In contrast, the WTO rules are elaborate on the specific actions that states should undertake in regard to the protection of cultural diversity. The rules provide avenues for the introduction of exceptions in regard to the handling of cultural products. Countries are allowed to establish bilateral and multilateral agreements on how they are going to interact in terms of cultural exchanges as well as trading activities involving cultural products. In this case, the bilateral and multilateral relations must be crafted in such a way that they do not affect negatively the ability by other WTO member states to comply with the organization’s rules on trade liberalization.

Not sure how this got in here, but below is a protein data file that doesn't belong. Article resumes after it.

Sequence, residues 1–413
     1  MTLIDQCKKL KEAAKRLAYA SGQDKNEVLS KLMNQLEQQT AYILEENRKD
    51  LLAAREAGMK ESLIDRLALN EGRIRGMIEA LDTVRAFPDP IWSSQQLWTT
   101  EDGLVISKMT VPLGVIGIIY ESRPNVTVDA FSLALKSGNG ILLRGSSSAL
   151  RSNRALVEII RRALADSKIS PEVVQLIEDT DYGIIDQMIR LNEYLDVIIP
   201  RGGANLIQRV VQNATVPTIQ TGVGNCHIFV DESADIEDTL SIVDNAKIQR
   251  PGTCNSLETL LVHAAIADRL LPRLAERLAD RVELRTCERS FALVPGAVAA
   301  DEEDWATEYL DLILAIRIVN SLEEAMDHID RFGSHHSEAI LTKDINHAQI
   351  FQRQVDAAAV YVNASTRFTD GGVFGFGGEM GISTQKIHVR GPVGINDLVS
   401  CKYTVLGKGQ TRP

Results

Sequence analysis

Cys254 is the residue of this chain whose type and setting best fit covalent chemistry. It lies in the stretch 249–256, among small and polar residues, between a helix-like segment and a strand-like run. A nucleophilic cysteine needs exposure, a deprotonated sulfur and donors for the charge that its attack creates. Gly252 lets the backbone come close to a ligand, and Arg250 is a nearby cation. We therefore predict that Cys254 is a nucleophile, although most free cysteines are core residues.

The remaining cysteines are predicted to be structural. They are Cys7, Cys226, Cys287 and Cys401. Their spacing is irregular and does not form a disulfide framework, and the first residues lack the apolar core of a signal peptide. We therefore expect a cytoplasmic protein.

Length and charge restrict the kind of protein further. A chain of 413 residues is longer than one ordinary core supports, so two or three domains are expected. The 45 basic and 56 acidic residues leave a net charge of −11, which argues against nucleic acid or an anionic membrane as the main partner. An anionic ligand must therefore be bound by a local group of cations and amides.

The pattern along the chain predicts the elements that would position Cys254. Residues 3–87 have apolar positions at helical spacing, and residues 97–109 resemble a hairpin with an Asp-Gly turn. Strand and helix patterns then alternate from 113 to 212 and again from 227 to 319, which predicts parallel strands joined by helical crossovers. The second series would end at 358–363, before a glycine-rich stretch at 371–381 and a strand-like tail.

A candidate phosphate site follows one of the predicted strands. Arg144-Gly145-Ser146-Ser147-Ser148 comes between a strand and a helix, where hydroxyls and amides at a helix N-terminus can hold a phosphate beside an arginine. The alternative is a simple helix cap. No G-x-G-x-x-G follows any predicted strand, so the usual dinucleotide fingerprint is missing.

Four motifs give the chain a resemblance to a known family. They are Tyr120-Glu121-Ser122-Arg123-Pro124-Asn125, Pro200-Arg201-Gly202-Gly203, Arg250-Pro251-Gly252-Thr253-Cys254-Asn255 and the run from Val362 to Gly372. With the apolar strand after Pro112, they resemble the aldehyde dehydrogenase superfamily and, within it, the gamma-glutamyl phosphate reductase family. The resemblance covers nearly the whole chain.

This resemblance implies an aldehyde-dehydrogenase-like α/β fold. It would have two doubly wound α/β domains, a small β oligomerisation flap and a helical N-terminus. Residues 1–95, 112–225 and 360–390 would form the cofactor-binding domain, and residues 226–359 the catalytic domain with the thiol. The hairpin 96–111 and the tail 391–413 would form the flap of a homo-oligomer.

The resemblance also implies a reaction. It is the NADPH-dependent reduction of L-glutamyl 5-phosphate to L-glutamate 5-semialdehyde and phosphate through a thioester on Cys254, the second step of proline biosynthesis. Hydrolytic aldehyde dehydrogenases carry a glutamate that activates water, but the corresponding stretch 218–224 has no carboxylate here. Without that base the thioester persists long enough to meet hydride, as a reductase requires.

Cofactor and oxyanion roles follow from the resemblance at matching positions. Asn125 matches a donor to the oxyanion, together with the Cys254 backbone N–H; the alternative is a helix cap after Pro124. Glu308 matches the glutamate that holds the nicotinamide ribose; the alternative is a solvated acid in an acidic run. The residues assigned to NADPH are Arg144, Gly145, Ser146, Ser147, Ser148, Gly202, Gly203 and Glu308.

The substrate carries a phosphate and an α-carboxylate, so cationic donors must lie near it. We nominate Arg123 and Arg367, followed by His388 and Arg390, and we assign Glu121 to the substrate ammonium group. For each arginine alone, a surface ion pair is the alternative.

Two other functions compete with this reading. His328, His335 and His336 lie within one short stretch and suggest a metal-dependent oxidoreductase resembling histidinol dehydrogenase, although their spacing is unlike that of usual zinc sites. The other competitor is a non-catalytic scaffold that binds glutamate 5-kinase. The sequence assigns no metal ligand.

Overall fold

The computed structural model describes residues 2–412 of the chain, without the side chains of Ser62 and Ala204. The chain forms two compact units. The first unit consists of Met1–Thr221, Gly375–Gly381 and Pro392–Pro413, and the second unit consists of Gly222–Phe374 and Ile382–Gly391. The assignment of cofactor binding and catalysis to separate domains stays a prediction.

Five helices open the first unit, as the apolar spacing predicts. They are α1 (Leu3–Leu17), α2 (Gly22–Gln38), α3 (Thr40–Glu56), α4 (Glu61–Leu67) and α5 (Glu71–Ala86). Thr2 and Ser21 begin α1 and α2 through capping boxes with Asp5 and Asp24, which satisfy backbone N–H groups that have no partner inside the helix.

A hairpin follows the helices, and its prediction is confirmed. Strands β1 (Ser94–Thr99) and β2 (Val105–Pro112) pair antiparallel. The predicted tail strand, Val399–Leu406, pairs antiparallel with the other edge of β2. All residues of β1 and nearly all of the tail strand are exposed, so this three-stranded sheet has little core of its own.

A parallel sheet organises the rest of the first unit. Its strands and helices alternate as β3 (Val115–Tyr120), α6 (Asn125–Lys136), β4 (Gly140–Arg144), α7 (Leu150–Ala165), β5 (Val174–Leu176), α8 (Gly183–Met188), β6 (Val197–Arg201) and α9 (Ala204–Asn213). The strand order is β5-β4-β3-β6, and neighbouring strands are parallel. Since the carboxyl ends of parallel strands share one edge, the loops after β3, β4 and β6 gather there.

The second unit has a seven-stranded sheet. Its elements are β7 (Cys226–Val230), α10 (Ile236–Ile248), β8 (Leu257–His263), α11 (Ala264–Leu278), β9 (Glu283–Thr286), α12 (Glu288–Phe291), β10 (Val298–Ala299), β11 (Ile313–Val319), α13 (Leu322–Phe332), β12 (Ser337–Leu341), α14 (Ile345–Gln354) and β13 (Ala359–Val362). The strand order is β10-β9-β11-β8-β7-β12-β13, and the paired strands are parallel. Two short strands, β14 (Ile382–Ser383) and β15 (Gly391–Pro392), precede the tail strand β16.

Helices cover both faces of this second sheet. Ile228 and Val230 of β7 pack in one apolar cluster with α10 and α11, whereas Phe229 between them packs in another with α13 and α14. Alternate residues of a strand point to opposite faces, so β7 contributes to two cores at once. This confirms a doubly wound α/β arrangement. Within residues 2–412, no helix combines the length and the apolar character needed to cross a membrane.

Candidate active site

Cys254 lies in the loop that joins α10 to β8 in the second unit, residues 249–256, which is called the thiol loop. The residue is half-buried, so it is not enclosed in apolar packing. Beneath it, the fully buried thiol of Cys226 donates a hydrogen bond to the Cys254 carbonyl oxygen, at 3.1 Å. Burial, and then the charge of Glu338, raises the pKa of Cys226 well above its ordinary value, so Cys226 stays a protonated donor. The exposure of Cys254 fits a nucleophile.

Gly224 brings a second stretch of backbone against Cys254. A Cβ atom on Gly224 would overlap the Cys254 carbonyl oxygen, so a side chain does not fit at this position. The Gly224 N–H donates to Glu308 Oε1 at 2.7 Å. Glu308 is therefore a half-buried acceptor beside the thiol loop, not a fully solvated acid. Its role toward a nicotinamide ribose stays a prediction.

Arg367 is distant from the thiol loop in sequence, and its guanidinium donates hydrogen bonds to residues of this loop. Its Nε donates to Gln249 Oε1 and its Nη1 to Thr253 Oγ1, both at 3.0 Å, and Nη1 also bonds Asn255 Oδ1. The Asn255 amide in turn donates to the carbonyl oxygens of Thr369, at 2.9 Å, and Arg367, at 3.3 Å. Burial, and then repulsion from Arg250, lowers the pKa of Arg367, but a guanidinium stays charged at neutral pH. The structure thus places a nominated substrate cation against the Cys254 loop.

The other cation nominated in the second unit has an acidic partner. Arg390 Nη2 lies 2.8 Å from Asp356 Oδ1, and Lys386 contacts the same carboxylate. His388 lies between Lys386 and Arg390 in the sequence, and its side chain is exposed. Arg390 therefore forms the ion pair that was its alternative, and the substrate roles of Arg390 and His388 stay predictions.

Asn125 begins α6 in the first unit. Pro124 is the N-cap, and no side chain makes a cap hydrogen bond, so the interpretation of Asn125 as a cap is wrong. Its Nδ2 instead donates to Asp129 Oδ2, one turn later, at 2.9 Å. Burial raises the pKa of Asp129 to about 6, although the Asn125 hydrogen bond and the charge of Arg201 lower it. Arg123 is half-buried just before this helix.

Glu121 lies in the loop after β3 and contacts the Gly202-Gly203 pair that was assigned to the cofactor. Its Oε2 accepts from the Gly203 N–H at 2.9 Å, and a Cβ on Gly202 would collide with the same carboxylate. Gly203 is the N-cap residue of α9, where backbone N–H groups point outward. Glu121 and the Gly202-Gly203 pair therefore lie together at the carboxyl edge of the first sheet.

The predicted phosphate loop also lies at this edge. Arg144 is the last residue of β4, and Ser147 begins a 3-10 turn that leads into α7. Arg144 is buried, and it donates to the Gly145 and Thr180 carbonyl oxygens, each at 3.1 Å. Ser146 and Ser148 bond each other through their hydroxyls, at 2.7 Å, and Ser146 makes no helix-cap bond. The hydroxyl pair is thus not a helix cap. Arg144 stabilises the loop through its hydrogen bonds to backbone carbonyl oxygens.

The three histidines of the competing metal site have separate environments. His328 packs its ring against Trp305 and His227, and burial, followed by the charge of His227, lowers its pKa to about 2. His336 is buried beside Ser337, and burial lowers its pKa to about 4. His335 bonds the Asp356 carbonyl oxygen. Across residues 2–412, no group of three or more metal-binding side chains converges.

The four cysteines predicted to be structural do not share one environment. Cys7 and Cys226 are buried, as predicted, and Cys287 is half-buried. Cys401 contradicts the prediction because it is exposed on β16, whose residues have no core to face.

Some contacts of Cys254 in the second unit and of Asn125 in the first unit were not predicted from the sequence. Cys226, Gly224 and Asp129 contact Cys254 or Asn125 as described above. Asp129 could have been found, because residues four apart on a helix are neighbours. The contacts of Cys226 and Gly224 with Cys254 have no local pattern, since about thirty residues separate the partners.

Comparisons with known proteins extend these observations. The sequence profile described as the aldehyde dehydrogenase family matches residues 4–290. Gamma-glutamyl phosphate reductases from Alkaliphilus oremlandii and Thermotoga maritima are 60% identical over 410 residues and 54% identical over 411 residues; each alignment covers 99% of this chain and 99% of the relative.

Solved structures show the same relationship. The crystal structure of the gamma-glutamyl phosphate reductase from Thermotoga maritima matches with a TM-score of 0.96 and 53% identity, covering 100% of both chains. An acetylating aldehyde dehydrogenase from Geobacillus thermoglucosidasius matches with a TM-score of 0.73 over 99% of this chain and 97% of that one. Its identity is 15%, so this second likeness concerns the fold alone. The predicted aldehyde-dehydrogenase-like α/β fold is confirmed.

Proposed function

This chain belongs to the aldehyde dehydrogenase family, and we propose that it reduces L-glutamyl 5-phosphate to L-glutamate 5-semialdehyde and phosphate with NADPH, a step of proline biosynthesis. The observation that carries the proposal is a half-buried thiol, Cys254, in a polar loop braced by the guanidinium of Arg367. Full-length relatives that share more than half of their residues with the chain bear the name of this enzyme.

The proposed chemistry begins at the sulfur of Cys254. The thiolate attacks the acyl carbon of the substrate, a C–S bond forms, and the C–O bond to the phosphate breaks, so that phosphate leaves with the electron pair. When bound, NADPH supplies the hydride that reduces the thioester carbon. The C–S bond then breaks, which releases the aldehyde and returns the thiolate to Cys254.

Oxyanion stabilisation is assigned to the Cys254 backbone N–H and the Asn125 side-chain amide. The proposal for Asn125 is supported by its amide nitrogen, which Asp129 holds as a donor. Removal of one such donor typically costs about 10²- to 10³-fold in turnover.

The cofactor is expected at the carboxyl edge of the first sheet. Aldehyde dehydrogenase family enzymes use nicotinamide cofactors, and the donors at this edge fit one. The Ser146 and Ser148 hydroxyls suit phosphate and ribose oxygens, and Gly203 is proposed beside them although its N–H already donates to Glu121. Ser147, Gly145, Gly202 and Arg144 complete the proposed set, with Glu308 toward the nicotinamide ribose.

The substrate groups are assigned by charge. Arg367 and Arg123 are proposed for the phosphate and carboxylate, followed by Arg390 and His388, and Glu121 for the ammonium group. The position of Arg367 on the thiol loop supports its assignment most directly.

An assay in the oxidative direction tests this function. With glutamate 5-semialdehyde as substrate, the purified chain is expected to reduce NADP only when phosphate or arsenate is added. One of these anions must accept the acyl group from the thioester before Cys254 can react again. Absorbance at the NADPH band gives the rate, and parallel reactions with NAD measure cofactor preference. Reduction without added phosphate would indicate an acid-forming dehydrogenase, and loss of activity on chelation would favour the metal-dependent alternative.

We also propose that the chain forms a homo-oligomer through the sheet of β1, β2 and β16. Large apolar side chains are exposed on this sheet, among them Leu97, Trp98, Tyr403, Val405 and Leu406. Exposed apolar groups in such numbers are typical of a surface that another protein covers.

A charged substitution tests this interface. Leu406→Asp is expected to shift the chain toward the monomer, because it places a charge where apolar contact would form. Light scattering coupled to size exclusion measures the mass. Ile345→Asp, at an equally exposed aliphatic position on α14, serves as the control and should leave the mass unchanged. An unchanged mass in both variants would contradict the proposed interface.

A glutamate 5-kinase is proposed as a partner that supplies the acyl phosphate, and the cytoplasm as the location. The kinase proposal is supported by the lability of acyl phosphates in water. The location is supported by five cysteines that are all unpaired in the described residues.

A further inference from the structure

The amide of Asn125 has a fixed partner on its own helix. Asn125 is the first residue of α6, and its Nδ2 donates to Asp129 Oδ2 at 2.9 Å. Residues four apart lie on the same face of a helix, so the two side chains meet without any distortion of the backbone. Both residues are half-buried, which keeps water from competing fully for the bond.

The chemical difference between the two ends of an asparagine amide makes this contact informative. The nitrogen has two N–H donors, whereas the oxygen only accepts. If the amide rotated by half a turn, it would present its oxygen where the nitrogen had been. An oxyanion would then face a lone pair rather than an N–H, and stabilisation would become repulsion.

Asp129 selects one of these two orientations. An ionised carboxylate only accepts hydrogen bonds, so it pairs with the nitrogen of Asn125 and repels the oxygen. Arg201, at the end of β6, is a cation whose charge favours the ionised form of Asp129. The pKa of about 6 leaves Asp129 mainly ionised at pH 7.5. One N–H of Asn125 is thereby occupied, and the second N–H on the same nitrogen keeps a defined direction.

It is easier for the policy option suggested by the WTO to be fulfilled in a manner that does not contradict the UNESCO Diversity Convention. In contrast, it may be impossible for states to adhere to the Convention’s recommendations without reneging on their commitment to trade liberalization as provided for in WTO law. Therefore, the practical thing to do is to pursue the goal of diversity using WTO’s rules while simultaneously seeking to achieve further progress in those areas where there is compatibility with the provisions of UNESCO’s Diversity Convention.